PubDate: 2018-04-17
      DOI: 10.1007/s13593-018-0501-y
      Issue No: Vol. 38, No. 3 (2018)
       
  • Landscape ecology and expanding range of biocontrol agent taxa enhance
           prospects for diamondback moth management. A review
    • Authors: Geoff M. Gurr; Olivia L. Reynolds; Anne C. Johnson; Nicolas Desneux; Myron P. Zalucki; Michael J. Furlong; Zhenyu Li; Komivi S. Akutse; Junhui Chen; Xiwu Gao; Minsheng You
      Abstract: Diamondback moth (Plutella xylostella) is a globally significant pest of Brassicaceae crops that has attracted enormous research investment. It is typical of many agricultural pests, with insecticides remaining the most common method of control, despite frequent cases of resistance in pest populations and the potential for other management options such as natural enemies to provide suppression. Here we review scope to make better use of neglected natural enemy taxa and integrate recent work on landscape ecology to identify opportunities for more effective pest suppression. Our main findings are as follows: (1) relatively neglected taxa of natural enemies, especially predators and entomopathogens, are now attracting growing levels of research interest, although parasitoids remain most frequently used and researched; (2) knowledge of the spatio-temporal dynamics of populations at the landscape scale have advanced rapidly in the last decade; (3) ecological insights open new possibilities for exploiting spatial heterogeneity at scales larger than individual fields and even farms that influence pests and their natural enemies; (4) there is evidence for landscapes that selectively favor particular guilds and this knowledge could be developed to favor targeted natural enemies over pests in focal crops; and (5) landscape-scale effects can even over-ride field-scale management practices. The significance of these advances is that future management of diamondback moth and similar pests will benefit from a move away from reliance on the use of particular species of biological control agents, especially exotic parasitoids, and strategies that depend on use of broad-spectrum insecticides. Together with this move, we call for greater use of area-wide management that exploits the potential of landscapes to promote diverse assemblages of natural enemy species.
      PubDate: 2018-04-16
      DOI: 10.1007/s13593-018-0500-z
      Issue No: Vol. 38, No. 3 (2018)
       
  • Allelopathy in Poaceae species present in Brazil. A review
    • Authors: Adriana Favaretto; Simone M. Scheffer-Basso; Naylor B. Perez
      Abstract: Allelopathy is an important ecological mechanism in natural and managed ecosystems. Its study is critical to understand natural plant behaviors, to isolate allelochemicals with herbicide potential, and to use the allelopathic genes in transgenic studies. Poaceae is an ecologically dominant plant family and it is economically important worldwide because its chemical diversity represents an important source to discover new molecules. From this viewpoint, Brazil is an interesting place to study, encompassing 197 genera of the Poaceae family, many of them being dominant in various biomes and some being native to Brazil. Here, we review the literature describing allelopathic activities involving grasses of the Poaceae family. We evaluate the experimental conditions used in these studies, we identify the allelochemicals involved, and, finally, we assess the applicability of allelopathy. Our main findings are (1) among the 47 Brazilian species studied for their allelopathic effects, only Bothriochloa barbinodis, Bothriochloa laguroides, Paspalum notatum, and Paspalum urvillei are native to Brazil; (2) 51% of the reviewed studies prepared extracts from the leaves and used lettuce as the target plant; and (3) 64% of the papers identified allelochemicals, of which 67% were phenolic acids. This first bibliographical survey on allelopathy in Poaceae species present in Brazil shows that less than 3% of the Brazilian species have been studied, suggesting it is an incipient research subject. Since this plant family is a valuable source of unknown natural products, refining such studies should contribute to a better understanding of the ecosystem relationships. Identification and isolation of grass allelochemicals should promote environmentally safer compounds with bioherbicide properties, in sustainable agriculture.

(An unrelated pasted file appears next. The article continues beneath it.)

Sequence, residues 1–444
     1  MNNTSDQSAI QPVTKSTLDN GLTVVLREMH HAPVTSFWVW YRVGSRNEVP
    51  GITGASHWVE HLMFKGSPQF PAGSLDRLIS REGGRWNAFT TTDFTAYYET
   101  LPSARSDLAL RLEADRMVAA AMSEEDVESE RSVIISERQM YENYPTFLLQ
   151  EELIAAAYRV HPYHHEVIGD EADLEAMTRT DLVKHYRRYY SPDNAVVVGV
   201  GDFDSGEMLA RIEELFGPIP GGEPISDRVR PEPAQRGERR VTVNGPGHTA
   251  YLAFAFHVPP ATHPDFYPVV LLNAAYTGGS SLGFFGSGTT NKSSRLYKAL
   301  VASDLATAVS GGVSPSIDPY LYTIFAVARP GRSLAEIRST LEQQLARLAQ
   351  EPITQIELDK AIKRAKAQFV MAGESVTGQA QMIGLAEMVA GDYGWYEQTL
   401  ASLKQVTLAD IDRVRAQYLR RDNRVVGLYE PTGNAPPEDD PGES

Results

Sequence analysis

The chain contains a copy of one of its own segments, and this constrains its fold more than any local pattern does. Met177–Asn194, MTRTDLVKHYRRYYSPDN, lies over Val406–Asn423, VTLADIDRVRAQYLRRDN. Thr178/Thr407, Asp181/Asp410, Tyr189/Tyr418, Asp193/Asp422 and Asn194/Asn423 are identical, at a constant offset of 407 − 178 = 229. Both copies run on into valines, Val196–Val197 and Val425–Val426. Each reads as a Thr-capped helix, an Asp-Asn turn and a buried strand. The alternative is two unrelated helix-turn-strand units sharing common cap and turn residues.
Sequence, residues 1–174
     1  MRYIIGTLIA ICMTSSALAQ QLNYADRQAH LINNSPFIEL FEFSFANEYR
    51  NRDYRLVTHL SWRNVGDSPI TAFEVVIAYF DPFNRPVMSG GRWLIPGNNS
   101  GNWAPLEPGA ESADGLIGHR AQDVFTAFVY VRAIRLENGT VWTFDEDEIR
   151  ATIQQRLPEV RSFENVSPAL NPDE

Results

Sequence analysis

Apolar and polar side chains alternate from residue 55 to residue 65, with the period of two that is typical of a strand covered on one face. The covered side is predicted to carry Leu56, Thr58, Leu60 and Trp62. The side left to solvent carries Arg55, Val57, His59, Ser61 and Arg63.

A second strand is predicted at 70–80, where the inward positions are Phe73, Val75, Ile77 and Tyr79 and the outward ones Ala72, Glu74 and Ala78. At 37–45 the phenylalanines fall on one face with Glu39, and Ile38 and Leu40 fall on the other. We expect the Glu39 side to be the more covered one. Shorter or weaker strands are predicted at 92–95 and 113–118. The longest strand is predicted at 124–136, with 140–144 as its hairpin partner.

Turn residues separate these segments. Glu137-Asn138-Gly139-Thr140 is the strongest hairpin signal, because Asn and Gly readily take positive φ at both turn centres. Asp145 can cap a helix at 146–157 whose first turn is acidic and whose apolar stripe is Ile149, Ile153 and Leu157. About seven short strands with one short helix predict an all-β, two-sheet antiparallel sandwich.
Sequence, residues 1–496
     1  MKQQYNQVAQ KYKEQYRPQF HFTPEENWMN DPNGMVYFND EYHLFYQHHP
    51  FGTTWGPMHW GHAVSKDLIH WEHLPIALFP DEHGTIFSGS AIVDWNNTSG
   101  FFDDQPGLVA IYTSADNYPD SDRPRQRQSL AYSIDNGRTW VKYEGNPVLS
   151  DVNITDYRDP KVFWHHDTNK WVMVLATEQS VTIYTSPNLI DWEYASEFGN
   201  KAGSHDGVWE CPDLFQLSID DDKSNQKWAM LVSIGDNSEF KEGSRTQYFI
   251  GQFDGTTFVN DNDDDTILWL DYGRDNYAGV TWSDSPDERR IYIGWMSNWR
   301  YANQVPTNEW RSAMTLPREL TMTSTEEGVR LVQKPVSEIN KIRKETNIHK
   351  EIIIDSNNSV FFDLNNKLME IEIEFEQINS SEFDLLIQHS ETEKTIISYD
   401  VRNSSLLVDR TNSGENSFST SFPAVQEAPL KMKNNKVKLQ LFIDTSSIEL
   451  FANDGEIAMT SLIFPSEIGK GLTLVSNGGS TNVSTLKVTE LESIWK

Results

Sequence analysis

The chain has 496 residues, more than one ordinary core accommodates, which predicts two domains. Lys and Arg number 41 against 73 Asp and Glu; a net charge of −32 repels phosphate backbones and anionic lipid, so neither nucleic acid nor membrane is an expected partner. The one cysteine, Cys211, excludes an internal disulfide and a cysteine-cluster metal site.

PubDate: 2018-04-05
      DOI: 10.1007/s13593-018-0495-5
      Issue No: Vol. 38, No. 2 (2018)
       
  • Organic olive farming in Andalusia, Spain. A review
    • Authors: Carmen Rocío Rodríguez Pleguezuelo; Víctor Hugo Durán Zuazo; José Ramón Francia Martínez; Francisco José Martín Peinado; Francisco Moreno Martín; Iván Francisco García Tejero